Who Gets a Business in a Divorce?

Splitting up your assets can be one of the most difficult parts of a divorce, especially if you own a business. You put a huge amount of time and effort into your business, and you might be worried about what will happen to it following your divorce. This is likely one of, if not the most, important assets you own, but how will your divorce affect your involvement in the business? 

Being a business owner and going through a divorce can be extremely complicated, and you have a lot on the line. At MHPS, our property division attorneys can work with you during the asset distribution process. 

Are Businesses Considered Marital Property?

First, you might be wondering if your business is even considered marital property. It can sometimes be hard to determine what is your personal property and what is marital property. In some cases, an asset you think is your separate property, such as a bank account, can really be considered marital property in a divorce. If your business is under your name but you started it after you were already married, it could still be marital property. 

While assets owned before marriage are often not considered marital property, there are some cases when a business could be. Even if one spouse owned a business prior to getting married, if their spouse made contributions that helped it increase in value over the course of the marriage, some of it could be subject to equitable division. 

How are Businesses Divided in a Divorce?

As Tennessee is an equitable division state, marital property is not split 50/50. This means how a business is divided in a divorce will vary depending on the circumstance of those involved when it’s considered a marital asset. Property in a Tennessee divorce is divided as fairly as possible, which depends on various factors, such as each spouse’s earning capacity, age, and the duration of the marriage.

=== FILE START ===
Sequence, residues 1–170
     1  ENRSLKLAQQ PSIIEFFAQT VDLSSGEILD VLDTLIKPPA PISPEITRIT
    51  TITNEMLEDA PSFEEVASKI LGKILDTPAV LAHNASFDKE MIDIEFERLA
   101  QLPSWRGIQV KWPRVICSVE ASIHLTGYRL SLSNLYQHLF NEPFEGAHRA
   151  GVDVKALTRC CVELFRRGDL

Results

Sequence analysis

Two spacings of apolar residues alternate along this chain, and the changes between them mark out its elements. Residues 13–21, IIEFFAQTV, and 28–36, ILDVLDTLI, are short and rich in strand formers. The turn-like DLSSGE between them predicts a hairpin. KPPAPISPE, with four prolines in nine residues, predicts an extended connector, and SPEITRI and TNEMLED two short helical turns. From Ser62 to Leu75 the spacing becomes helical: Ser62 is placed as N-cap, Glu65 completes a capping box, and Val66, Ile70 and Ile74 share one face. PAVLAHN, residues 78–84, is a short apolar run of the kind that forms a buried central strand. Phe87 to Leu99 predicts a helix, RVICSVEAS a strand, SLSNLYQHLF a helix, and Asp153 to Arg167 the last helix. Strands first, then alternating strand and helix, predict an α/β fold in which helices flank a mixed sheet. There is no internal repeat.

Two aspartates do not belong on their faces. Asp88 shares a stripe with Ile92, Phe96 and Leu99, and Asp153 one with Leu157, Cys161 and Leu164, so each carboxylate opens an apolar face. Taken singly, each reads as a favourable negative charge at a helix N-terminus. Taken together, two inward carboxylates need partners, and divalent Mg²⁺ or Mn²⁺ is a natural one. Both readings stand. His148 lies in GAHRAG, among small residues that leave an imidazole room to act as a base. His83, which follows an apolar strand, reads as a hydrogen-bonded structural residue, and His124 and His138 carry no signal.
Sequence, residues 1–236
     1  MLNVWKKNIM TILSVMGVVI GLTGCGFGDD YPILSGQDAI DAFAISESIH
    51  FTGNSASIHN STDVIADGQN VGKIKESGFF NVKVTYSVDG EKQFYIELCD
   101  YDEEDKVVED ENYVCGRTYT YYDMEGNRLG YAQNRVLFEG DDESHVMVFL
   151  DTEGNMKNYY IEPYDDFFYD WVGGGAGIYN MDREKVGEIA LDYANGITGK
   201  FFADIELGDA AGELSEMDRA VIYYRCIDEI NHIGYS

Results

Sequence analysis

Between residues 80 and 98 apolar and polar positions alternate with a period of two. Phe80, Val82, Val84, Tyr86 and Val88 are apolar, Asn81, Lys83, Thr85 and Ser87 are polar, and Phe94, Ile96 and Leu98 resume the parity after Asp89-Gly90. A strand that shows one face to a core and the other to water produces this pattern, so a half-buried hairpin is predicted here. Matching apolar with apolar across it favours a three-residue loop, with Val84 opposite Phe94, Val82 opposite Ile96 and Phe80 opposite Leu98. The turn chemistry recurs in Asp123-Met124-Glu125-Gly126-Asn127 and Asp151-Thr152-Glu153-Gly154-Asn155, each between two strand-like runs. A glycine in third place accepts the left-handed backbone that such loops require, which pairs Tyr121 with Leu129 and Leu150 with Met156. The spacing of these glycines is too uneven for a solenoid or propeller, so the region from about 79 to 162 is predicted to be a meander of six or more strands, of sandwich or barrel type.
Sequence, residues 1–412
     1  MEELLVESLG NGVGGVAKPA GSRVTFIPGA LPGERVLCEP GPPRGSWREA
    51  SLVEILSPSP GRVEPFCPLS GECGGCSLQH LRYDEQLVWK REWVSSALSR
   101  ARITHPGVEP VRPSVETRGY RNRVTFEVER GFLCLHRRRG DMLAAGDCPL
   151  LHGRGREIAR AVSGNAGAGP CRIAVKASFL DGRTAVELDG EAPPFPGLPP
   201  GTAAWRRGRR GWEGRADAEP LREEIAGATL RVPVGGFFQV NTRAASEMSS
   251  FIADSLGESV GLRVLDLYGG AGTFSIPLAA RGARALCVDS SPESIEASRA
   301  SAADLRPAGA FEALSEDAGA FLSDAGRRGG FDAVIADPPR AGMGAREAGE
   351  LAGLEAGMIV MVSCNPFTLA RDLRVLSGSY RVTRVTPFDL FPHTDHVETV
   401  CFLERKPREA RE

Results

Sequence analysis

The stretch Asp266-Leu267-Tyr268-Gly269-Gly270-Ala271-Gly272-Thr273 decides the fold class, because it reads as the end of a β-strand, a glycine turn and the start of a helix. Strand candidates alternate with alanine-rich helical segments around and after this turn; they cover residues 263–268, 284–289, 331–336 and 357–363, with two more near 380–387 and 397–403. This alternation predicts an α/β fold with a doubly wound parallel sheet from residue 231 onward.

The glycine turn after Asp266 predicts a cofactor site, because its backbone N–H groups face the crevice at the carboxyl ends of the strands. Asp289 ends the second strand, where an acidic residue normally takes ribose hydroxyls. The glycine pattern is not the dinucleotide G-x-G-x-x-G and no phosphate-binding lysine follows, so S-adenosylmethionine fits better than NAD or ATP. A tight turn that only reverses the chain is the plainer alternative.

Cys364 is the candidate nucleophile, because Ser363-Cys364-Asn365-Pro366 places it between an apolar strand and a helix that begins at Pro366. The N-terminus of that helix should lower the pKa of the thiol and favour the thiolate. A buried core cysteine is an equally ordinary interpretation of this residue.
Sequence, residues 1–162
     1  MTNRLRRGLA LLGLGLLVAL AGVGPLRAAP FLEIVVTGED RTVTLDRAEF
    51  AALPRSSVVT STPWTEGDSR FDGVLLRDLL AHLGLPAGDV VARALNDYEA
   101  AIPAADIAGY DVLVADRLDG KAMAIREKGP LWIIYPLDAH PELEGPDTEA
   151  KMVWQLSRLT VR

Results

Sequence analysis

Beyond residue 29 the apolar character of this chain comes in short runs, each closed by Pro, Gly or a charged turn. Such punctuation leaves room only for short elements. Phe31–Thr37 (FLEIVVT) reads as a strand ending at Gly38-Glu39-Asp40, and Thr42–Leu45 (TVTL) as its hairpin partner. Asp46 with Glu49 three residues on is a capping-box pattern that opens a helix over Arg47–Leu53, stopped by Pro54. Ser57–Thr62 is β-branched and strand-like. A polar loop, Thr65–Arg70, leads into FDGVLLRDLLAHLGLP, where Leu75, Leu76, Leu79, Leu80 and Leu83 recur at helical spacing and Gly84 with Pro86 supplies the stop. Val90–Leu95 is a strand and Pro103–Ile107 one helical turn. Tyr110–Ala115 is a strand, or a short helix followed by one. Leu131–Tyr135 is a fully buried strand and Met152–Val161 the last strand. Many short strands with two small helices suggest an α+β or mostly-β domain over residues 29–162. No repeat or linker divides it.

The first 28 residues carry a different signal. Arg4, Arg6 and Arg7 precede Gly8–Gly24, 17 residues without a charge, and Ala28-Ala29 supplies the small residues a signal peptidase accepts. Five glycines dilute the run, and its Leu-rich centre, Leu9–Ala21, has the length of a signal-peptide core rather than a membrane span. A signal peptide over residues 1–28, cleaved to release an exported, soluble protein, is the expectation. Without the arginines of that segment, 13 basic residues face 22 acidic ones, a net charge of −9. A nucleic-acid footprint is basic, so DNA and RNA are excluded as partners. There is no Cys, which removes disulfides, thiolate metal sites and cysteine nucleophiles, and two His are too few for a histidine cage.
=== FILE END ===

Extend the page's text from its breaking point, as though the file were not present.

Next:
A few ways a business may be divided in a divorce include:

  • Buy-Outs – In many divorces, one spouse buys out the other’s interest in the business. A spouse may buy the other’s interest with cash or other marital assets. 
  • Co-Ownership – In some cases, spouses may be able to continue to share interest in the business if they still have an amicable relationship. When this is possible, ex-spouses can become co-owners and share the responsibility of running the business.
  • Selling the Business – As many divorcing couples sell their home and divide the profit made from the sale, some couples also sell their business. This is a good idea for divorcing couples who don’t have the means of buying out their spouse and can’t continue to run the business together.

Courts will take various factors into consideration when dividing a business. For example, it’s important to look at the level of involvement each spouse had in the business. One spouse may have owned the business prior to marriage, but the other played a bigger role in running the business and adding value to it. Another factor that may be considered is each spouse’s ability to make a comparable income without the business.

Put Your Trust in the Property Division Attorneys at MHPS

Determining which spouse will get the family business in a divorce is often not straightforward, and everyone’s situation looks a little different. This is why it’s essential for you to have an experienced property division attorney on your side to represent you during your divorce. At MHPS, we know how important it is that you have someone representing your best interests during this process.

Contact us today for assistance during your divorce.

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